When it comes to the Internet, you can never be too careful about what you say.
For those who believe that the content on their Facebook, MySpace profiles and personal blogs will not get them in hot water, they’re in for a shocking realization. The Internet is a public domain, and anything put on the Web can be found, and can be used against you.
London resident James Brennan discovered this the hard way, when he was fired from his job in London. His crime? Writing “F— the Partnership” as his Facebook status. (The Partnership refers to the John Lewis Partnership, the chain of stores where he worked.)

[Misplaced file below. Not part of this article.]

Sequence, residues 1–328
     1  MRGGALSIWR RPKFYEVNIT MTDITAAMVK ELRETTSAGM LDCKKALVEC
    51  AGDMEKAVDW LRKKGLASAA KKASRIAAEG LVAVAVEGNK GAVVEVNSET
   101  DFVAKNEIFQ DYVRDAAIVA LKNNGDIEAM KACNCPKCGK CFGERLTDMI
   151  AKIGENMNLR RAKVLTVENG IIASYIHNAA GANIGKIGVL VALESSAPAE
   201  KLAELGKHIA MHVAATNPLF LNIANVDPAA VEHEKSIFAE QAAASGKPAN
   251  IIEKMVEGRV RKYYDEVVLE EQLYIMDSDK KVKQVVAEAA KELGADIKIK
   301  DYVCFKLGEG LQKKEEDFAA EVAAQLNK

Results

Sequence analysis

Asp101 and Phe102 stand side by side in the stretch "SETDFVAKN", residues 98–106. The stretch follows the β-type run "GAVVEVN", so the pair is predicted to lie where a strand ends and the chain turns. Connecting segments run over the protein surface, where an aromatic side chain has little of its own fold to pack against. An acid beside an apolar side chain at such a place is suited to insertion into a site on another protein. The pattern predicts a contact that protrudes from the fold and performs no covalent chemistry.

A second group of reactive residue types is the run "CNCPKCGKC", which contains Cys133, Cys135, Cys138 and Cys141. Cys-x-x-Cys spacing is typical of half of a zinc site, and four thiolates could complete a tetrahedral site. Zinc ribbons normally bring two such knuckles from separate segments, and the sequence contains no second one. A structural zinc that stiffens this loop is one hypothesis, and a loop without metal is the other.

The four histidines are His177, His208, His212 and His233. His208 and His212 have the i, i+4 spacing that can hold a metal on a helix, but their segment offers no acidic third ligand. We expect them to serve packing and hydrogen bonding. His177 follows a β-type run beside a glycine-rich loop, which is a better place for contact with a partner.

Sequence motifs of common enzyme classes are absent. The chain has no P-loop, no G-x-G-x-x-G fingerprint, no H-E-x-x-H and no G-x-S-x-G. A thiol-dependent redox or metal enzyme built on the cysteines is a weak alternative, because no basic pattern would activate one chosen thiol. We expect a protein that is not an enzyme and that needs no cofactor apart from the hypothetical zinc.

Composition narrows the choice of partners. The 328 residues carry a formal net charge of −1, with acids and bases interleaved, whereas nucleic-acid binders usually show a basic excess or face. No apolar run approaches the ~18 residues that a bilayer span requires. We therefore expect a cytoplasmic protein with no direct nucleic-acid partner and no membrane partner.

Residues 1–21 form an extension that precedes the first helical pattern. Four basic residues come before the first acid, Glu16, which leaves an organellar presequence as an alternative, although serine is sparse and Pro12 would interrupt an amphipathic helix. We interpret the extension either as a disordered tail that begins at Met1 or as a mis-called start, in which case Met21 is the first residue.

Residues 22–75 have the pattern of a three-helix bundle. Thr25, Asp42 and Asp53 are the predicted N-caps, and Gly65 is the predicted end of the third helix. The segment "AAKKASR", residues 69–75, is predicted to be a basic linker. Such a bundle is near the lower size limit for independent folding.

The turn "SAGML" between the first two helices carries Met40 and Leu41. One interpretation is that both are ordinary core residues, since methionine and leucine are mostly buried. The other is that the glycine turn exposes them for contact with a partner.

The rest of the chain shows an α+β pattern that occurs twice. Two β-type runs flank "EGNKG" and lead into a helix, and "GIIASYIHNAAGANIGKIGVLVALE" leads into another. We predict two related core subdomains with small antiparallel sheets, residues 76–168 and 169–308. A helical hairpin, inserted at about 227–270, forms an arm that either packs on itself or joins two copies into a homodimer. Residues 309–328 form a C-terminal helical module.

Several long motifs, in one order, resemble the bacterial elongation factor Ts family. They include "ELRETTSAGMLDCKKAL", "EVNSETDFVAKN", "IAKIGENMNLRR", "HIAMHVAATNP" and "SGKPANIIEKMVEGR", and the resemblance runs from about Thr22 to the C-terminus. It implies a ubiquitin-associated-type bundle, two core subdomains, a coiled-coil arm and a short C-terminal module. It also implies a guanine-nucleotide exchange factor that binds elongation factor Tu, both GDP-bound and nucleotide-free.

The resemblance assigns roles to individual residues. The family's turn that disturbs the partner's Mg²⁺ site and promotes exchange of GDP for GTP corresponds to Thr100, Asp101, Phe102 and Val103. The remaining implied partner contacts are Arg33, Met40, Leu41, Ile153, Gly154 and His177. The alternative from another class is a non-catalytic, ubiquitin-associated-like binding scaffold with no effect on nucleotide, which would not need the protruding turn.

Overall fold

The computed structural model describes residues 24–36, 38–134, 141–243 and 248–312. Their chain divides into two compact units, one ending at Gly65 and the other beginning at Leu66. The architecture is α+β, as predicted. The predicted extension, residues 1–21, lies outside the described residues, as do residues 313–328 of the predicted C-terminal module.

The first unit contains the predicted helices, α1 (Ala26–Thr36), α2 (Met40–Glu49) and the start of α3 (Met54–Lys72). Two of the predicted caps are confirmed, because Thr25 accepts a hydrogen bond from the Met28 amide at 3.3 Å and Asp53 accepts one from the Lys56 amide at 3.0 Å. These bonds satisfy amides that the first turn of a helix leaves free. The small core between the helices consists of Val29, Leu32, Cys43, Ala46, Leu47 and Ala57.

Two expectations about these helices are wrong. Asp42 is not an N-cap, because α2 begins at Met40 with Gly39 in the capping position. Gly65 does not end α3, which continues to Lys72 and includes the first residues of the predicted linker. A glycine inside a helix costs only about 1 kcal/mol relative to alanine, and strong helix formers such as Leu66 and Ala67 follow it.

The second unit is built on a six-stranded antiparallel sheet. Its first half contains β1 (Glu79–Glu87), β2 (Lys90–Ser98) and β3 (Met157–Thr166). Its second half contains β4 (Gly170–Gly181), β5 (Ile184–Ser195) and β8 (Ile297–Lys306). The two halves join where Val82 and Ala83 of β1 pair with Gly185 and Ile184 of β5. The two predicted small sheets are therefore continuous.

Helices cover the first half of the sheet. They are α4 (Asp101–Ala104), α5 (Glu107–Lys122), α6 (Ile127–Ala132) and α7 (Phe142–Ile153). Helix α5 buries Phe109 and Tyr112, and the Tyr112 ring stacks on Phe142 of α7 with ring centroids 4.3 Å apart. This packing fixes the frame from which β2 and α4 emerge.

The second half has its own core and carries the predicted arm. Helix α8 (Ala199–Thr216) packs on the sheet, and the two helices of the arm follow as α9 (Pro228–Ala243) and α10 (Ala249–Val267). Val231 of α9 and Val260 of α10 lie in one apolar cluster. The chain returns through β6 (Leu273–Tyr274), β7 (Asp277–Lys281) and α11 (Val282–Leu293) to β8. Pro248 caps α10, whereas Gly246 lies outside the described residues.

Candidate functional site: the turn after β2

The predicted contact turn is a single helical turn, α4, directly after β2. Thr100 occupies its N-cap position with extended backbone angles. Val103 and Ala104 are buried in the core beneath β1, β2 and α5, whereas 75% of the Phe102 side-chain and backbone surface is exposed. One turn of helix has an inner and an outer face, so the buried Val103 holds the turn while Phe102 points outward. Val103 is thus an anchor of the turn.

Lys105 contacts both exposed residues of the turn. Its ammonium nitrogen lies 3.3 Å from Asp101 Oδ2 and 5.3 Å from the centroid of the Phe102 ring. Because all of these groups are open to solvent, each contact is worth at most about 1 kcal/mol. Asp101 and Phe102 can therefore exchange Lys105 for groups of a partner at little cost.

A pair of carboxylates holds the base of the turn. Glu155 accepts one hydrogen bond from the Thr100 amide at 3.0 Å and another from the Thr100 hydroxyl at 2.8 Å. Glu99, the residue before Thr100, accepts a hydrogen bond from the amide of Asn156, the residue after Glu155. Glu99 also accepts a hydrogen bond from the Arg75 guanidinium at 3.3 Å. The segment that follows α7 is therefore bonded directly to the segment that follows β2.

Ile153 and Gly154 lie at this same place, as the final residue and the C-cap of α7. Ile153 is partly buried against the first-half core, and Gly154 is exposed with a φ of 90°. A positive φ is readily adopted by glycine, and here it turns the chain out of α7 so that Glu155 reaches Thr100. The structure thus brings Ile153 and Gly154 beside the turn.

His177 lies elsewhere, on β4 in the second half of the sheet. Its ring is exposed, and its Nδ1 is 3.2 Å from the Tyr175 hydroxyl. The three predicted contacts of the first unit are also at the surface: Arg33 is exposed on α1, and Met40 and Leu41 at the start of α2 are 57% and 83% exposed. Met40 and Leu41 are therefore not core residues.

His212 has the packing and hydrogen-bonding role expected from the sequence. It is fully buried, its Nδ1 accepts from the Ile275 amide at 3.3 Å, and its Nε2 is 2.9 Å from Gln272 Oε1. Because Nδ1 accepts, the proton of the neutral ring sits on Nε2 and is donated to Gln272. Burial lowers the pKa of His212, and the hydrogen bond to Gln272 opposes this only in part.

Brennan thought his comments would remain private, but some of his co-workers saw his page and showed it to his boss. Brennan was fired on the spot.
Unhappy with his boss and colleagues, Brennan commented on the situation:
“At the end of the day what I wrote was private. You would never get sacked for saying something like that in the pub. I was sacked from Waitrose for something I said on Facebook in my own time. The bosses only saw it because one of my colleagues grassed me up. They printed out a copy of the Facebook page to use as evidence against me. It is an infringement of my privacy.”
Do you think Brennan should have been fired from his job?